-If it's broke/sprained. Is this splint suitable? I've seen other splints made from q-tips and tape, others from gauze and tape. This one seems like it could cut her. And there's no way for me to tell without removing it which I would think I would not want to do.
    -I really just want someone who has experienced this to tell me what I should do, how long I should do it for, and what I should expect to see as far as results go.

    Thanks everyone, Peggy thanks you as well.
     
    Last edited: Jun 9, 2019
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  2. rjohns39

    rjohns39 Wrangler

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  3. Wyorp Rock

    Wyorp Rock Enabler

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    I'm sorry to hear about your chick. It's very hard to know if she is suffering from Slipped Tendon, a break or possibly a leg bone deformity. It sounds like you have been doing what you can for her. You may find the splinting manuals linked below helpful.
    I would also get some B-vitamins into her, especially B2(Riboflavin). You can use human B-Complex, 1/4 tablet daily crushed up and put into her food.

    Leg issues can be hard to correct and heal. The swelling ankle and hock joint are definitely concerning.
    https://theiwrc.org/wp-content/uploads/2011/05/Duerr_Splinting_Manual_2010.pdf
    http://www.starlingtalk.com/fractures.htm
     
  4. BROOD

    BROOD In the Brooder

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    Thanks. I've been giving all of them a vitamin and probiotic supplement in their water since I got them. I'll spend tonight reading what you've posted and see if I can implement some of it's advice.

    Yes I'm not really sure why the ankle has started to swell. Especially after giving her meloxicam for the inflammation. I suspect the splint but that's really because that's all that's changed.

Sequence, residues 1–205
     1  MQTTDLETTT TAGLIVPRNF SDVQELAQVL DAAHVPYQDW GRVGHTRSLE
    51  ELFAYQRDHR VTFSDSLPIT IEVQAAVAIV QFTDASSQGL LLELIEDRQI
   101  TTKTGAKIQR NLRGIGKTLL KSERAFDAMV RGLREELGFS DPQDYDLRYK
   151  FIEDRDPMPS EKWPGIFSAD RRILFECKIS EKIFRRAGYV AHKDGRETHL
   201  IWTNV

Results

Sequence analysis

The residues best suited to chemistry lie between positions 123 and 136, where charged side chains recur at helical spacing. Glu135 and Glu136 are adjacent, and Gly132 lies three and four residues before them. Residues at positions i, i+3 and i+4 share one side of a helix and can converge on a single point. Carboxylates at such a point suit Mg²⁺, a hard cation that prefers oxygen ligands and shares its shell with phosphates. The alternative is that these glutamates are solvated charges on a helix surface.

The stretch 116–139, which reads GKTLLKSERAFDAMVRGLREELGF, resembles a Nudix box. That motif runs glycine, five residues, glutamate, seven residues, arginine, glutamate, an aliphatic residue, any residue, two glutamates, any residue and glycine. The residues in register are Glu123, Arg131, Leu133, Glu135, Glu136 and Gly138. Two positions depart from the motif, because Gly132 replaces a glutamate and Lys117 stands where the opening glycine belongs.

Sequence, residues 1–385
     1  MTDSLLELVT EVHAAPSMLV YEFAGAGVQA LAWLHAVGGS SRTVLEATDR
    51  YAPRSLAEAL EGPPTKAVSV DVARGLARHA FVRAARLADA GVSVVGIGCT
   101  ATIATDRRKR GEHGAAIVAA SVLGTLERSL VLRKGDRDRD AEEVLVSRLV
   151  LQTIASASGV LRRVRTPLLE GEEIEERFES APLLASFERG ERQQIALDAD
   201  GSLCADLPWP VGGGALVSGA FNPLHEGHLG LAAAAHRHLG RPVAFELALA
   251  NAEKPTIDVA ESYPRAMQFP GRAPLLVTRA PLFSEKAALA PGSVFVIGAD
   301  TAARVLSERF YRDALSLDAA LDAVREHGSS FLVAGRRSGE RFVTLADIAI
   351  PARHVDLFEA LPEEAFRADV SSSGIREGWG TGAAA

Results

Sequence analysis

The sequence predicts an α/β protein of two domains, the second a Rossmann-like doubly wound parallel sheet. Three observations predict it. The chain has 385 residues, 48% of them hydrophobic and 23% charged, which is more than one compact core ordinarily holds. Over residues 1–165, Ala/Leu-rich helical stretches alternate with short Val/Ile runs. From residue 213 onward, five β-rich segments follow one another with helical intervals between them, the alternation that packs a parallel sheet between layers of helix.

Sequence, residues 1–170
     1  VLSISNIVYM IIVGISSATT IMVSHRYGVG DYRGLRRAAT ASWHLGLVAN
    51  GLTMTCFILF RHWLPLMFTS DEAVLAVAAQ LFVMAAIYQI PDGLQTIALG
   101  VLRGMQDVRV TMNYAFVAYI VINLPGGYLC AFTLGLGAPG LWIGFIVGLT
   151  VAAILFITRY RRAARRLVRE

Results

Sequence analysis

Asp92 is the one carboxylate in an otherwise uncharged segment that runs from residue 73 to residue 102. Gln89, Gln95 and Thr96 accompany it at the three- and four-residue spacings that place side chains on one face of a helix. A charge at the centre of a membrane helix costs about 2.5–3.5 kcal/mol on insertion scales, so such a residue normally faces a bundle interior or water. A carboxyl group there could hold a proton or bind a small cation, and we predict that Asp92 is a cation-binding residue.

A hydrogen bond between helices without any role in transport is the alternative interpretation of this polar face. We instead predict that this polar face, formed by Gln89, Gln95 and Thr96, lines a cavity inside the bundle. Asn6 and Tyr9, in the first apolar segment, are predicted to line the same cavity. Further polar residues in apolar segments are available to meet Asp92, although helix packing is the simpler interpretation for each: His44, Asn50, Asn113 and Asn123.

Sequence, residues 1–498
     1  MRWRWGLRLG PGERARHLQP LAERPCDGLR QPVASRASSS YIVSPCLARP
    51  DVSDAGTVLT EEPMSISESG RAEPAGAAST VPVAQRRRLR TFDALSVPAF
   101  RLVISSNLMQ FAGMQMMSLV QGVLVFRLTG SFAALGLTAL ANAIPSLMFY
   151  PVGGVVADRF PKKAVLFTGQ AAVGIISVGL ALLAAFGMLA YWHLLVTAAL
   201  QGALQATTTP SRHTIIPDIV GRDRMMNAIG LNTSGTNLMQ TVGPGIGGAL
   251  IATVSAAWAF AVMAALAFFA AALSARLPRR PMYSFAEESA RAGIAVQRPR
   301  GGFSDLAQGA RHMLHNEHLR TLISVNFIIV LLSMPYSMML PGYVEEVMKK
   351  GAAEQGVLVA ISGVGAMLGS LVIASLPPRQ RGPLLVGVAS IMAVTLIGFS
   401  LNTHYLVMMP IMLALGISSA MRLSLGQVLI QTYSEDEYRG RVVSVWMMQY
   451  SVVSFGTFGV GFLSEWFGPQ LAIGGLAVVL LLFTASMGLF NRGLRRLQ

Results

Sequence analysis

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  5. Eggcessive

    Eggcessive Enabler

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    It is very frustrating to deal with a leg problem. It can be hard to tell the exact problem. Vet wrap cut into strips can be good to splint, and it can be removed every day to examine the leg and adjust it for growing, which they seem to do right before your eyes. I have seen pictures of a figure 8 splint out of tape above and below the hock joint to give the leg support. I have not personally dealt with a slipped tendon or broken bone. Sometimes it helps to see a picture of how they stand with the leg, to determine whatbis wrong. Many of these chicks end up being put down or starve if they cannot get to food and water. Some can get around on their own with their disability.

    I think if there is swelling, then the splint may need adjusting or removed. Chicks have very tender skin and it can break down and blister easily.
    Here is a good thread about a peachick with a slipped tendon that has pictures of splints:
    https://www.backyardchickens.com/threads/peachick-with-slipped-tendon.1092979/
     
  6. BROOD

    BROOD In the Brooder